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May 12, 2004
Should We Release The Pictures?

CNN reports that Congressional leaders have reviewed all of the confiscated pictures and video of Iraqi prisoner abuse, and the bipartisan consensus is that the images are "disgusting", "appalling", and "horrifying". Where that consensus disappears is in the ultimate disposition of the pictures -- should they be made public?

Top GOP leaders said Wednesday they oppose the release of hundreds of fresh images showing the abuse of Iraqi prisoners, saying they could compromise the prosecution of those soldiers implicated in the acts and further inflame tensions in Iraq. ...

McConnell, Senate Majority Leader Bill Frist, R-Tennessee, and Sen. John Warner, chairman of the Senate Armed Services Committee, all said the pictures should be kept under wraps.

"In my view, and it's solely my view, these pictures, at this time, by the executive branch, should not be released into the public domain," Warner, R-Virginia, said, citing the possibility that more images of abuse end up "inspiring the enemy."

Most Democrats disagree, and even a few Republicans agree with their arguments:

Some lawmakers have urged the Bush administration to allow the photographs to be released in order to prevent further shocking disclosures.

"I think the only hope that we have, really, of redeeming ourselves here and winning back some of the support that this incident has cost us [is] if we act as an open society that will deal with problems openly, that will hold people accountable," said Sen. Carl Levin of Michigan, the ranking Democrat on the Armed Services Committee.

Sen. Saxby Chambliss, R-Georgia, agreed.

"Every time we have these photographs dribbled out or some expansion of that situation, it is not good for America," Chambliss said. "And we need to conclude it. And getting all of these photographs out at one time is the way to do it."

I understand the logic behind these arguments. Part of the problem we've experienced over the past few days is the drip, drip, drip of these photographs and the revelations of how they came to be. The story itself had already come out, months before, of Americans abusing Iraqis, but the details had not. Now we've seen a small subset of the known photographs, but we know that more and worse are still being held.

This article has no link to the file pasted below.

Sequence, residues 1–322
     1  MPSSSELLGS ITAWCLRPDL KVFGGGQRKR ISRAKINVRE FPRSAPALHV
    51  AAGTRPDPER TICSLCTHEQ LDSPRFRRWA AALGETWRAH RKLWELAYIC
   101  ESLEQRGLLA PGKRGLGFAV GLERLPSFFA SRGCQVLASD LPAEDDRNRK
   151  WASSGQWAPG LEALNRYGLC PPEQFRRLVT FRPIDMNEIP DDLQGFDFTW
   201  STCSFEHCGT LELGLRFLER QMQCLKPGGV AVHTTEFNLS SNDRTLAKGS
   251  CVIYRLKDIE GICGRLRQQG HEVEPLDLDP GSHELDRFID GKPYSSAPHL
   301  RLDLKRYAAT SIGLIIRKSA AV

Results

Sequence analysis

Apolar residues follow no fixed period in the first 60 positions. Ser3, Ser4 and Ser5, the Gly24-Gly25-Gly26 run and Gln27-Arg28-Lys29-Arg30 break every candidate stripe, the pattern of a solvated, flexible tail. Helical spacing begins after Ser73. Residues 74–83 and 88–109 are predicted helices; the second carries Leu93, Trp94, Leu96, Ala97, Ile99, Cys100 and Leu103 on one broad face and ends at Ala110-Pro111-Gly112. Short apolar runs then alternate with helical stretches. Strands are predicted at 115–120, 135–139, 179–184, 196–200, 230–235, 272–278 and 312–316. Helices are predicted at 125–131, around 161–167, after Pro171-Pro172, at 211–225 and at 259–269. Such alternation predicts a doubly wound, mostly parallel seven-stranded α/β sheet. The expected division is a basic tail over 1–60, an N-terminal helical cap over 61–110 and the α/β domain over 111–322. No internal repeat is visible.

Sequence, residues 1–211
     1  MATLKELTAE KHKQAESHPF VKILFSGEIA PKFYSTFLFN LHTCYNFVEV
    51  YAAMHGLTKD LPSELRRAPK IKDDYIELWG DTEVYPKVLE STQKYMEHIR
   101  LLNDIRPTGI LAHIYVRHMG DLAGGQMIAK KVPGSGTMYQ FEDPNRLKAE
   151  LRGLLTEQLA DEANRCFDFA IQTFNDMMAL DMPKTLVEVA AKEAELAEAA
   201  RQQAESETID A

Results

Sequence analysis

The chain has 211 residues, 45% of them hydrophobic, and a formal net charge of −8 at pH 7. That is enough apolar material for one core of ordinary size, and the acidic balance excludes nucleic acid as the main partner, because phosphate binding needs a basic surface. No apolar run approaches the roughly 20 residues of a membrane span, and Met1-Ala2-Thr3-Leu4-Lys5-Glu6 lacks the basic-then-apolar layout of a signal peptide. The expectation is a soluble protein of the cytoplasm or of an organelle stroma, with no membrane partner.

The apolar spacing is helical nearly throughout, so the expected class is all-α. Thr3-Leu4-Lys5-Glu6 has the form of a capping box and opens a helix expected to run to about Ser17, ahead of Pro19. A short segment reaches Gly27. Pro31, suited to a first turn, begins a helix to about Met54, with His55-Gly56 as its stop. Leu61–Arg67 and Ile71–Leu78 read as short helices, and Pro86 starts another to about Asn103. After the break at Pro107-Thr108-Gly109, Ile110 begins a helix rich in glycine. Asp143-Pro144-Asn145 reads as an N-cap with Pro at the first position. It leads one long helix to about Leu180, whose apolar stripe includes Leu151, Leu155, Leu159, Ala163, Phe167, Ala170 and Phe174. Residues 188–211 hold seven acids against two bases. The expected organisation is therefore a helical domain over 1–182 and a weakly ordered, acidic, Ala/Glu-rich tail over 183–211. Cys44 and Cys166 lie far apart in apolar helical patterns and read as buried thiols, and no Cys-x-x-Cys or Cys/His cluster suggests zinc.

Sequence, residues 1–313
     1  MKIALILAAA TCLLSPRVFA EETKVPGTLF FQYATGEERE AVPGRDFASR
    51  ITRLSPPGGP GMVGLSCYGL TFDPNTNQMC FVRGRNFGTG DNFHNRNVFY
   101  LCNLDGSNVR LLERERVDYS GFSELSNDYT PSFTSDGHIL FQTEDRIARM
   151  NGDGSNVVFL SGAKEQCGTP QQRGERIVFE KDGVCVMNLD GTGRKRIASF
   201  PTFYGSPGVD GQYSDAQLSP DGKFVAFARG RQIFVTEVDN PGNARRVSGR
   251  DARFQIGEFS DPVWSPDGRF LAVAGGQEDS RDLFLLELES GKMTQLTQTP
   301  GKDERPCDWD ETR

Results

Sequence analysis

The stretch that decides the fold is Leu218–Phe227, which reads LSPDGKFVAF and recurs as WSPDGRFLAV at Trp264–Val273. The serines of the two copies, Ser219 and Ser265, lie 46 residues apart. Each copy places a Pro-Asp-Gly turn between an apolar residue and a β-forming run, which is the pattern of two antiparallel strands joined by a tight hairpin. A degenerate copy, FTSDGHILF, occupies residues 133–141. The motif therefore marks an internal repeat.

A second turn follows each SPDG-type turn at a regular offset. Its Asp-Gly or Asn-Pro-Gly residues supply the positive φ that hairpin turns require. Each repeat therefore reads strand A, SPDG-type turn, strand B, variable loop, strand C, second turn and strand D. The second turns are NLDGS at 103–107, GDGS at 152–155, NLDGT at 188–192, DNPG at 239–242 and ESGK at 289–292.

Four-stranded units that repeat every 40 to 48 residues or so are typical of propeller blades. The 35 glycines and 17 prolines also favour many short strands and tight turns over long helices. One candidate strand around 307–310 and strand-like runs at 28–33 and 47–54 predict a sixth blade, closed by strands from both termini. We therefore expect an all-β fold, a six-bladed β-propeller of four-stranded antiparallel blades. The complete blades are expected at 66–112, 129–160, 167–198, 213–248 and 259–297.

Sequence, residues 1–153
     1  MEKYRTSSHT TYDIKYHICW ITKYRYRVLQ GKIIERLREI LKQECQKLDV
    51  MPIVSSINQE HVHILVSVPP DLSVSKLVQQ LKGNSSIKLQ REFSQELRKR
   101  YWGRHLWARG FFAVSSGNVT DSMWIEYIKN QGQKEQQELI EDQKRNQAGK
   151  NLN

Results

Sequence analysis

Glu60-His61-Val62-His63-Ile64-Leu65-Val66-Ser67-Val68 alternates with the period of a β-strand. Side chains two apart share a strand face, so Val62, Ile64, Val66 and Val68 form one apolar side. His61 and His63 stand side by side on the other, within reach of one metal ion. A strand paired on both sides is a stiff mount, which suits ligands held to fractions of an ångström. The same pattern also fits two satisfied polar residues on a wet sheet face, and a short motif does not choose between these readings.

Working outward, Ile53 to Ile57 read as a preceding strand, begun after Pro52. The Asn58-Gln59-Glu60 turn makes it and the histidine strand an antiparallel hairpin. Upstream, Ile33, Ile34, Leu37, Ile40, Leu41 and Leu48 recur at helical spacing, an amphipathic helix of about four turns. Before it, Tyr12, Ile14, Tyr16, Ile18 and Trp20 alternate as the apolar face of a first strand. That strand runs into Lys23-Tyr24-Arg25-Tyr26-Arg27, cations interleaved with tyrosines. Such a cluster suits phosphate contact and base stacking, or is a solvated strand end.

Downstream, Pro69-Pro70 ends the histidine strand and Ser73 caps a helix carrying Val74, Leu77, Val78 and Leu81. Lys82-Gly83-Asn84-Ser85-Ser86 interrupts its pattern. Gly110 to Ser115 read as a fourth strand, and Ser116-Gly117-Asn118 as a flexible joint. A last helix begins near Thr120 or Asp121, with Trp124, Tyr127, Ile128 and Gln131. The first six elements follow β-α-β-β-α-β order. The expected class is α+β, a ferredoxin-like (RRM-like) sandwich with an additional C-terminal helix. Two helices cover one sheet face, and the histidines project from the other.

Undoubtedly, these pictures will surface whatever the administration decides. The original leak reportedly came from civilian defense attorneys for accused Abu Ghraib MPs in order to push the debate from the question of a few warped individuals to a larger, shared guilt that supposedly spreads throughout the entire military. That some members of Congress have only encouraged such tactics -- Mark Dayton primarily but not solely -- practically ensures their further use.

It is this warped sensibility about the pictures, both those released and those so far held back, that convinces me that the wisest course for now would be to keep them classified. Yes, they will eventually leak out, I suppose, and tactically a mass release up front might -- might -- mitigate their impact, especially at first. However, in my mind, a few items from the past few days have already pushed the pictures to the background of events.

First, the spectacle of our own representatives using these pictures to slander the armed forces of the US, culminating in Ted Kennedy's repugnant assertion that Saddam's torture chambers had "reopened under US management," as if these abuses sprang from calculated policy instead of a lack of discipline and oversight on the scene, has created more damage to our reputation and our efforts abroad than the pictures ever could. The pictures gave Mark Dayton all the prompting he needed to lecture General Richard Myers and Donald Rumsfeld on the strategy of materiel during wartime, and if that sounds ridiculous now, it sounded much worse when it happened.

Second, we are at war. I ask myself this question: will we be safer or more at risk by releasing the images to the public? Will Americans on the front lines have their task eased or grossly complicated by them? The answer to both questions prove to me that their release accomplishes nothing except make us feel good in a civil-libertarian way. Our elected representatives have access to them, and the military has already performed a thorough investigation, so no purpose other than curiosity is served. Is a thousand dead Americans in Iraq worth that self-absorption?

Lastly, the media coverage of the horrible Berg murder proved that the pictures of such an event are secondary. I didn't need to watch the video or see the stills of the animals who committed this barbaric murder to understand its nature. Nor do I need to see the images of the abused Iraqis to understand the nature of the crimes committed there. However, I also don't need to see them to know that the Americans responsible for committing those crimes will be held accountable by their own people for their actions, while Nick Berg's murderers will be celebrated amongst their people.

That is the overriding and overwhelming concern at this moment in time, and why the war takes precedence over pointless expressions of fairness. Everything else except the war and the law takes can wait for the later date, after victory, when we can once again wallow in self-indulgence.

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Posted by Ed Morrissey at May 12, 2004 10:46 PM

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